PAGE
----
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Erich Fromm in his The Sane Society (1955) argued that mental health should not be defined merely in terms of the person's harmony with his/her society. He believed that a society, as a whole, could be mentally ill. He said that all humans share a common human nature, with which some cultures are not in accordance.

Maybe that's the cause of the collapse of some civilizations in the past.

One big problem here is the complexity of human brain and human life which make predictions difficult. For example, in the 60s and the 70s a sexual revolution occurred in western countries. Psychologists today consider some sexual behaviors normal/healthy which were traditionally discouraged. But in comparison with the age of human civilization on earth, these changes in norms are very recent experiments, about the results of which we may not be able to be sure.

We can see the same problem in economics, which is, in some sense, based on psychology. As an example, since the 80s neoliberalism has been the predominant economic theory in western countries, but now some big names in economics state that it is a failed experiment, causing many problems like deep inequality and the rise of populism.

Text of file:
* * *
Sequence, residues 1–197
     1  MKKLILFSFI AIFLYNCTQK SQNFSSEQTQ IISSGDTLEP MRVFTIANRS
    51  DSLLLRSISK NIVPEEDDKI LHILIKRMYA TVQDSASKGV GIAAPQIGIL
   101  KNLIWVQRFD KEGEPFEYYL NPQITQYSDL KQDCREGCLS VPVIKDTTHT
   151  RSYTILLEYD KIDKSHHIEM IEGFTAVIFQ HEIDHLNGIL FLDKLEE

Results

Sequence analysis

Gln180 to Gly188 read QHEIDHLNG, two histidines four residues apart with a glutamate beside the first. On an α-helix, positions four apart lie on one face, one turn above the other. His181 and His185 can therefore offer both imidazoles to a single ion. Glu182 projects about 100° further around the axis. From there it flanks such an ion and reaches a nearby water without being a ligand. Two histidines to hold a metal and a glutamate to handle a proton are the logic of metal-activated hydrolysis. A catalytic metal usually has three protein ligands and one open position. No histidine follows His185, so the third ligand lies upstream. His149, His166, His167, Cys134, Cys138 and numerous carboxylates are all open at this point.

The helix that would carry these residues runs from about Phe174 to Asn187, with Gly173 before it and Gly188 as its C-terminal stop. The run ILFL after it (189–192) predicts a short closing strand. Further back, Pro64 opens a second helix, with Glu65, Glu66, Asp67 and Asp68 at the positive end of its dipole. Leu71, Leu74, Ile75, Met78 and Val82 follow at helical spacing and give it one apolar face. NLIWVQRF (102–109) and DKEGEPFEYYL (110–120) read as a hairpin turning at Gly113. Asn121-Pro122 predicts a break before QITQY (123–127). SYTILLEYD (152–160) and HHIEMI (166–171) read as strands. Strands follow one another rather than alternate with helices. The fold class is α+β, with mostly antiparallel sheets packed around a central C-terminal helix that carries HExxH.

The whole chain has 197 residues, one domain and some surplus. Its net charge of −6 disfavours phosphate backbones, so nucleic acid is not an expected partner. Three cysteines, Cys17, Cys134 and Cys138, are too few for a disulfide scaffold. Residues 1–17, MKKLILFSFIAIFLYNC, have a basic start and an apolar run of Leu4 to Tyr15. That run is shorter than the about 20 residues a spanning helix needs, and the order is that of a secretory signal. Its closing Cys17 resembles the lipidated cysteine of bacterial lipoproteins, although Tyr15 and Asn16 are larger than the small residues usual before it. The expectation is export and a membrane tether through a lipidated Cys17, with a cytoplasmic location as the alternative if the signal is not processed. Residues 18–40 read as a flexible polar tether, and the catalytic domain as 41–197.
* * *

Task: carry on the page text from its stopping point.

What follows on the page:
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closed as primarily opinion-based by Fizz, Arnon Weinberg Mar 12 at 18:17

Many good questions generate some degree of opinion based on expert experience, but answers to this question will tend to be almost entirely based on opinions, rather than facts, references, or specific expertise. If this question can be reworded to fit the rules in the help center, please edit the question.

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    $\begingroup$ Maybe a better/related question to ask is 'why?' AFAIK, it has all to do with being able to function without problems in current society. By definition, mental 'health' is defined by expectations from society. But, as you highlight, society changes over time. But, I will eagerly await an answer by someone within the field. 🙂 $\endgroup$ – Steven Jeuris Mar 9 at 23:01
  • $\begingroup$ How can they? To be cynical, they can because there's no one better positioned to do so. (That and money, power that comes with prestige etc.) And by the way, it's psychiatrists who do that, in the US at least. So this is not a real question to be answered from psychology or neuroscience in my view. $\endgroup$ – Fizz Mar 10 at 4:07
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    $\begingroup$ @Fizz - Mental health and related terms have definitions which span all fields within the mental health profession. $\endgroup$ – Chris Rogers Mar 10 at 10:50
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    $\begingroup$ We can return the question: when start 'non-healthy' state? Maybe, when the person complains or when is no longer 'fit' to live in his environment (which explains why healing can be done by modifying the environment) $\endgroup$ – Dadep Mar 10 at 13:10